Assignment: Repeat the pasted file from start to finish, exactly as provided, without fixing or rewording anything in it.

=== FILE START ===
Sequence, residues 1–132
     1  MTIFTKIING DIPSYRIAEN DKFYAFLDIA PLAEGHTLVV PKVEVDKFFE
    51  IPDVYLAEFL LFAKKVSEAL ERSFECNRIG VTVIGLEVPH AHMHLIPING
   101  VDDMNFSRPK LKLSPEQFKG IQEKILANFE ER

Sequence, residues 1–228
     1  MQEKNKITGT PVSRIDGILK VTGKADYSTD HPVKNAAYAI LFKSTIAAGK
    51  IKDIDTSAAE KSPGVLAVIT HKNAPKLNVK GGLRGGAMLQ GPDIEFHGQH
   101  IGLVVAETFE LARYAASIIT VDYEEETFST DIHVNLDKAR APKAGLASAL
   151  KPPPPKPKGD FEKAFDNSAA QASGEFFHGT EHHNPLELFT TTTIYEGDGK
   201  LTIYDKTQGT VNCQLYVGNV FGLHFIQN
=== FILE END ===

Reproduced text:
Sequence, residues 1–132
     1  MTIFTKIING DIPSYRIAEN DKFYAFLDIA PLAEGHTLVV PKVEVDKFFE
    51  IPDVYLAEFL LFAKKVSEAL ERSFECNRIG VTVIGLEVPH AHMHLIPING
   101  VDDMNFSRPK LKLSPEQFKG IQEKILANFE ER

Sequence, residues 1–228
     1  MQEKNKITGT PVSRIDGILK VTGKADYSTD HPVKNAAYAI LFKSTIAAGK
    51  IKDIDTSAAE KSPGVLAVIT HKNAPKLNVK GGLRGGAMLQ GPDIEFHGQH
   101  IGLVVAETFE LARYAASIIT VDYEEETFST DIHVNLDKAR APKAGLASAL
   151  KPPPPKPKGD FEKAFDNSAA QASGEFFHGT EHHNPLELFT TTTIYEGDGK
   201  LTIYDKTQGT VNCQLYVGNV FGLHFIQN